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I've now witnessed several people use this poorly constructed stereotype. Some people seem to think that if a program is GPL, and requires that all future software utilizing it be open source, that it must be communist. They draw parallels between having the right to a job or house to having the right to view and edit the source code. Pondering that thought, they then figure that if the software is free (confusion of the word free is also a frequent mistake), the only reason for writing software would be for the common good, and again associate the GPL with communism. There are some serious faults with this logic.

"Eternal vigilance is the price of liberty."
- Thomas Jefferson

Communism entails the the nationalization (government ownership) of all businesses (no private businesses). This is where the confusion is caused. People see that the source code has to be available to everyone, and they conclude that this similarly eliminates private business. Nothing could be further from the truth. The GPL actually prevents nationalization by requiring that everyone be able to see the code. The code is openly available to the government and the people. This makes it just about impossible for the government to have complete control over a project, because there's no way they could stop (under the GPL) other people from editing and redistributing the code. In this aspect, I'd go so far as to say the GPL is against communism. Also keep in mind however, that the people can't isolate a project from the government either, ensuring equal rights (An absolute necessity for one of the foundations of the US government, Social Contract Theory).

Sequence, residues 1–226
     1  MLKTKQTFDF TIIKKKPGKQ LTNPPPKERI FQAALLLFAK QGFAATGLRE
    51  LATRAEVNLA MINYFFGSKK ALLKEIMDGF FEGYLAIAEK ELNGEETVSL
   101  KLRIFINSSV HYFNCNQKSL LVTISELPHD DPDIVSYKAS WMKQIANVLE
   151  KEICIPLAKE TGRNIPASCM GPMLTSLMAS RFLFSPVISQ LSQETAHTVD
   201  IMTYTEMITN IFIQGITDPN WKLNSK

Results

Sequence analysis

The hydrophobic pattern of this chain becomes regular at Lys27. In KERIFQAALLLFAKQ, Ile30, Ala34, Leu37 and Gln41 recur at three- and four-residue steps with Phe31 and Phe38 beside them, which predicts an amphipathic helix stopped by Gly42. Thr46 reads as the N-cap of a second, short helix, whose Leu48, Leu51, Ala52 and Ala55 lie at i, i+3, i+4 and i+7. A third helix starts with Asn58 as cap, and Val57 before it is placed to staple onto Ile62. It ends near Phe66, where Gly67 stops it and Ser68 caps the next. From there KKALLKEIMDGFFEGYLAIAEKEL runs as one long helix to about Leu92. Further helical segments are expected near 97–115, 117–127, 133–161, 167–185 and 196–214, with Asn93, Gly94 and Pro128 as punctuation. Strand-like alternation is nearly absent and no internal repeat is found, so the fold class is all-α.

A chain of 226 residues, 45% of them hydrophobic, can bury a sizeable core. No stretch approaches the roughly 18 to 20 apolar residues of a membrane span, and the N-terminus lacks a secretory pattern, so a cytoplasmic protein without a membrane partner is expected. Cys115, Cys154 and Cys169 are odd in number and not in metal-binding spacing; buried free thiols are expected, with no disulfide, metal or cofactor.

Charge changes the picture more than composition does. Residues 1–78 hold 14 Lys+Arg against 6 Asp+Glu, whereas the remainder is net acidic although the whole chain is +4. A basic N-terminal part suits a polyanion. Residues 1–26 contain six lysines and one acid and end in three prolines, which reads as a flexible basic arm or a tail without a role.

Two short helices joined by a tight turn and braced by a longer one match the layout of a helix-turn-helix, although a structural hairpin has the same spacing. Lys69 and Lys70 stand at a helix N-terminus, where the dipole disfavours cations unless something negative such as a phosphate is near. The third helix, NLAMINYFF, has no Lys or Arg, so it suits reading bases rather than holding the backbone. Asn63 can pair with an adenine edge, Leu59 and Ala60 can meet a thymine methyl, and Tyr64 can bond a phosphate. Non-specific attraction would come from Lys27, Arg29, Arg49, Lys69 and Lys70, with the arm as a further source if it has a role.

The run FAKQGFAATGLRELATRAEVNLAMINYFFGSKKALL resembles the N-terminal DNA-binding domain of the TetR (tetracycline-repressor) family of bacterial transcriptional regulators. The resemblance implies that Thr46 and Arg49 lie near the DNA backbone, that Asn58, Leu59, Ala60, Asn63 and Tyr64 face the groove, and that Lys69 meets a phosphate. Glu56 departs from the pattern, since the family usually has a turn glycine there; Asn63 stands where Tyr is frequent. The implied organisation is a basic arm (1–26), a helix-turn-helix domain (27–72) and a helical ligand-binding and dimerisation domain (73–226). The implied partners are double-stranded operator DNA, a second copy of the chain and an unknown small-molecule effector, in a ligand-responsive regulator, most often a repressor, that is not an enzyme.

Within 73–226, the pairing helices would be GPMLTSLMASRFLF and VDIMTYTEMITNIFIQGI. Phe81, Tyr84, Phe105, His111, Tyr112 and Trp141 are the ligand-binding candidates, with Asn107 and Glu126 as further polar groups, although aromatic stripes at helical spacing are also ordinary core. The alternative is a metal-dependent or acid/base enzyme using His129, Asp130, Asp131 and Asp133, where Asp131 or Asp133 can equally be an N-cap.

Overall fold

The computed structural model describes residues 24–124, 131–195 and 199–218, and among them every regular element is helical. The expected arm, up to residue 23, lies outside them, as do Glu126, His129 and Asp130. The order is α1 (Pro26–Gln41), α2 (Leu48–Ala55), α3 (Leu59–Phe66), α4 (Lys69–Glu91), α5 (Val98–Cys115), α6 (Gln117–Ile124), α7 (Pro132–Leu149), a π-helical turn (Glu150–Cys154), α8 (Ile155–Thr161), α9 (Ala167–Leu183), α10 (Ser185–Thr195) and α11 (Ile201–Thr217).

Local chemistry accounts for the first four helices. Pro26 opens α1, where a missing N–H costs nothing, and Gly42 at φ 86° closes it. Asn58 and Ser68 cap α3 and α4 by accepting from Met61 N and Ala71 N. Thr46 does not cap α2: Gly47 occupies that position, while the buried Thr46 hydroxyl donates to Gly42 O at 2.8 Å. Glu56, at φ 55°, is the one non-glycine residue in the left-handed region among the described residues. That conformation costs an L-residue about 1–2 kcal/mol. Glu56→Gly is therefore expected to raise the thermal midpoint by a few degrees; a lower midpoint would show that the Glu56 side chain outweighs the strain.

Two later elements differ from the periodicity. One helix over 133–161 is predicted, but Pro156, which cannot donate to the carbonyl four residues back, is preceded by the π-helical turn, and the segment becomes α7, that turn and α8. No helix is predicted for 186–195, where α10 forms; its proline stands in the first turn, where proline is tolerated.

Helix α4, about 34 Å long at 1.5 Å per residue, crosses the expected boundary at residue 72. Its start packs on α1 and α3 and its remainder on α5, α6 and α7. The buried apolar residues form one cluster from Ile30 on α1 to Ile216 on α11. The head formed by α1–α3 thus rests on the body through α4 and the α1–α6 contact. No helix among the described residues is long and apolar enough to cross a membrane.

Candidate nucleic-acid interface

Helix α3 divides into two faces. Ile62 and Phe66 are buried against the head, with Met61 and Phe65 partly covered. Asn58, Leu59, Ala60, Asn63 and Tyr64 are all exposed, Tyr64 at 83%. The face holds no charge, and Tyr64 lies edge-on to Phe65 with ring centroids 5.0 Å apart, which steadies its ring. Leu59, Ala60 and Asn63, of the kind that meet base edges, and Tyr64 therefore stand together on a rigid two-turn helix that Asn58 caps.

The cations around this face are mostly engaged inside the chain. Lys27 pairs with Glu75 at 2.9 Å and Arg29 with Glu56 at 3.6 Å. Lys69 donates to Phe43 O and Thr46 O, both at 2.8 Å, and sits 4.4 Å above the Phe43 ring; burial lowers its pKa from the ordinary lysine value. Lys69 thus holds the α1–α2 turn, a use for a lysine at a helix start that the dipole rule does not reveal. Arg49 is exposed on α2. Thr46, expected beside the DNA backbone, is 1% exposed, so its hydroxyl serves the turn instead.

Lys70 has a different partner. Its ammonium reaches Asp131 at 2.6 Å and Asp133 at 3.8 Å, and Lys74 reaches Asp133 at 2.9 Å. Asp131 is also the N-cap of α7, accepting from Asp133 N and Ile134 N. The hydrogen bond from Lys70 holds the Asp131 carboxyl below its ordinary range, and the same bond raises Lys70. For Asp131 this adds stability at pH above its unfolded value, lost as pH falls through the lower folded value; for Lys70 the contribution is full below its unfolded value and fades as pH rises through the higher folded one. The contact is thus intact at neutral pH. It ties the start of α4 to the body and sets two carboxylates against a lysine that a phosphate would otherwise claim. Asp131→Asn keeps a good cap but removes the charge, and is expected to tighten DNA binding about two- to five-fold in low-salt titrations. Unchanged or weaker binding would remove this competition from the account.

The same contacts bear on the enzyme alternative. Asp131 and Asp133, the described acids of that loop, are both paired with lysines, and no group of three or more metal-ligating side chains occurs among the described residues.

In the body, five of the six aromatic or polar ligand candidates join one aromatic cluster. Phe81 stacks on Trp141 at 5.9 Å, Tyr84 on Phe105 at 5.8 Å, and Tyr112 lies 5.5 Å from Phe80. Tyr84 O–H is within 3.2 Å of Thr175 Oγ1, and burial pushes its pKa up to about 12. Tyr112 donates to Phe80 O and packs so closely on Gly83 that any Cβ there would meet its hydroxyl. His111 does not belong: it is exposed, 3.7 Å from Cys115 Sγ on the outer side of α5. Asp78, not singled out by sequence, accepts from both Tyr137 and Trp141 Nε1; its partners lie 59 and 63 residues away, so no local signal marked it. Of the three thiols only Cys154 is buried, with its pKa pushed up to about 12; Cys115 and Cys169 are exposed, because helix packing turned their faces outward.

On to the second idea; the only reason for writing free software would be for the common good, since you can't make any money. Take note before I begin, that I won't be arguing the definiton of free, because my anti-pyro hazmat suit is still being dry cleaned. Anyway, people who use this faulty idea to associate the GPL with communism are making another fatal mistake. You can still make money. Not only that, but you make money through things that make more sense. You have the customer pay for the box, manual, tech support, and other services (wide range of possibilities there). This makes more sense economically because (excluding the manual) these things can't really be pirated. Until we have advanced AIs, nobody is going to worry about having warez d00ds copying friendly tech support people. Your company can save tons of money and time not having to research and program CD Keys, copy protection schemes, etc.

Now, some maybe quick to point out that by using something like tech support as one of your primary sources of income, you're encouraging the developer to purposefully create bugs. This brings us to another democratic concept, balance of power. Because the source code is available to everyone, developers will be quickly targeted by their own consumers if they try such devious tricks. Whether the developer likes it or not (as is granted to the consumer by the GPL), customers, hackers, etc. will quickly create a fix and distribute it.

I hope I've made it clear to everybody now that the GPL does not, I repeat, does not support communism.

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